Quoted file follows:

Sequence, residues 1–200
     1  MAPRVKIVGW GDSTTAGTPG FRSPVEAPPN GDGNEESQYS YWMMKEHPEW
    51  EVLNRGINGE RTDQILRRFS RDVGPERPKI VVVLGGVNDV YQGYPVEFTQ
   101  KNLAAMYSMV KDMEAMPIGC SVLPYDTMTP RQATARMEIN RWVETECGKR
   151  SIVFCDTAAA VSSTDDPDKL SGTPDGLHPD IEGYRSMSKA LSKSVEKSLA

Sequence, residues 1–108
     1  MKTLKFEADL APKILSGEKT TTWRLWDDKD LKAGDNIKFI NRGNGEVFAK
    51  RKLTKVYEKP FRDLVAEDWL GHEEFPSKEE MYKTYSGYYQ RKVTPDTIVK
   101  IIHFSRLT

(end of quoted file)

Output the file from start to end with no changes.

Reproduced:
Sequence, residues 1–200
     1  MAPRVKIVGW GDSTTAGTPG FRSPVEAPPN GDGNEESQYS YWMMKEHPEW
    51  EVLNRGINGE RTDQILRRFS RDVGPERPKI VVVLGGVNDV YQGYPVEFTQ
   101  KNLAAMYSMV KDMEAMPIGC SVLPYDTMTP RQATARMEIN RWVETECGKR
   151  SIVFCDTAAA VSSTDDPDKL SGTPDGLHPD IEGYRSMSKA LSKSVEKSLA

Sequence, residues 1–108
     1  MKTLKFEADL APKILSGEKT TTWRLWDDKD LKAGDNIKFI NRGNGEVFAK
    51  RKLTKVYEKP FRDLVAEDWL GHEEFPSKEE MYKTYSGYYQ RKVTPDTIVK
   101  IIHFSRLT